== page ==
Kim Schroeder MJ Sentinel 12/15/16
Mark Twain said, “We believe that out of the public school grows the greatness of a nation.”
Public schools are a fundamental piece of American democracy, with 91% of all American students attending public schools. They remain the only educational institutions with the capacity, commitment and legal obligation to educate all students. Defunding our public schools would be a threat to the quality of life and well-being of children in every Zip code.
But now, this most cherished of American democratic institutions is facing its greatest threat with the appointment by presidentelect Donald Trump of billionaire Betsy DeVos as education secretary. De-Vos, a longstanding member of the GOP corporate elite, is known for some of the most aggressive failed free-market experiments seen in America’s publicschools. DeVos’ track record speaks clearly. If she is confirmed by the Senate, students who attend public elementary and secondary schools will see billions of dollars siphoned from their public schools into unaccountable privatevouchers and charters.
Some Trump backers claim that they wanted to shake up the establishment, but DeVos comes from a family of wellfinanced billionaires tightly woven into the Republican, corporate-dominated political machine. They have helped fund every Republic presidential candidate for the last 50 years and are deeply embedded in the world of dark money groups such as Americans for Prosperity, ALEC, and Blackwater.
Betsy DeVos was one of the key players who pushed for Michigan’s charter school law, which passed in 1993. The disaster of Detroit’s private charter system is her legacy.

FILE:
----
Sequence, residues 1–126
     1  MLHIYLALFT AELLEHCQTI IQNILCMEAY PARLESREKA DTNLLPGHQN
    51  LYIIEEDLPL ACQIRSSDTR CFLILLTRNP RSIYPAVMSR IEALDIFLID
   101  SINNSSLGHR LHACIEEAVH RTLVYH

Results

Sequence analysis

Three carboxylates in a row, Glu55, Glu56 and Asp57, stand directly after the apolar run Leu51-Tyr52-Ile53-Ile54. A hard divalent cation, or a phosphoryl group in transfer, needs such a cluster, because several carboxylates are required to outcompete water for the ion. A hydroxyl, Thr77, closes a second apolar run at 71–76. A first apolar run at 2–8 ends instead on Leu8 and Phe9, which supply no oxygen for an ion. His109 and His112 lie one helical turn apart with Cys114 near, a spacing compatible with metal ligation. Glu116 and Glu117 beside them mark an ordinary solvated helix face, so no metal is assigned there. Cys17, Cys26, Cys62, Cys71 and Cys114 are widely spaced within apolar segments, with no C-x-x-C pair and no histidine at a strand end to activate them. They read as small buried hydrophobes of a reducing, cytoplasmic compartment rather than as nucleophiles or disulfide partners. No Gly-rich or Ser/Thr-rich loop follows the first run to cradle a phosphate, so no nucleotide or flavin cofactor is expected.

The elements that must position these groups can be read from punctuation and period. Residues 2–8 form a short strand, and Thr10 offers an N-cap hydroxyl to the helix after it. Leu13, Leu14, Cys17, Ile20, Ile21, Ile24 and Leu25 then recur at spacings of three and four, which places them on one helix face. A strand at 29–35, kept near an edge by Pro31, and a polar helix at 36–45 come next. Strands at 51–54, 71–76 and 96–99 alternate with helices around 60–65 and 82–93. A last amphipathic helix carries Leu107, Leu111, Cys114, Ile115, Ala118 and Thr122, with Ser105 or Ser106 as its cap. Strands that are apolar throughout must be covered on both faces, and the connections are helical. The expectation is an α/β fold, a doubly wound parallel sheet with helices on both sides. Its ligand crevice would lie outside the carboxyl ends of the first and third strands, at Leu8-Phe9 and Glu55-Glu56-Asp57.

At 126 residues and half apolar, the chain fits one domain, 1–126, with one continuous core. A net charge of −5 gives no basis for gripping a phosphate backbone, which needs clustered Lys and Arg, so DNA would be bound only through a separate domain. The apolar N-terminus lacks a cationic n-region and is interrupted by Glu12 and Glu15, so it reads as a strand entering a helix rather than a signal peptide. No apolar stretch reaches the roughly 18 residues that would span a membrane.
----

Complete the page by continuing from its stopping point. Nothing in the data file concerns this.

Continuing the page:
Nearly $1 billion of public dollars are siphoned away from Michigan public schools every year. According to the New York Times, “over the past five years, divisive politics and educational ideology and a scramble for money have combined to produce a public education fiasco that is perhaps unparalleled in the United States.” For-profit companies operate over 80% of Detroit’s charters, more than in any other state.
Critics may say that not all charter schools are bad,which may be true. But only a small percentage of private charters outperform traditional public schools. And private schools serve fewer English-language learners andchildren with special needs; expel a disproportionatenumber of minority students; and, even though they are funded with public dollars, are not held to the same legal standards as public schools. We should not consider funding these schools with public dollars unless they are held to the same standards as public schools.
The Milwaukee Teachers’ Education Association represents the educators who work with the children and families of Milwaukee Public Schools. We cannot stand by as the private school profiteers cheer, waiting for DeVos to funnel every last dollar from our public schools into their bank accounts — without any strings attached. This single cabinet appointment could undo decades of advances in public education set up to protect the educational rights of every child in this nation.
Kim Schroeder is president of the Milwaukee Teachers’ Education Association.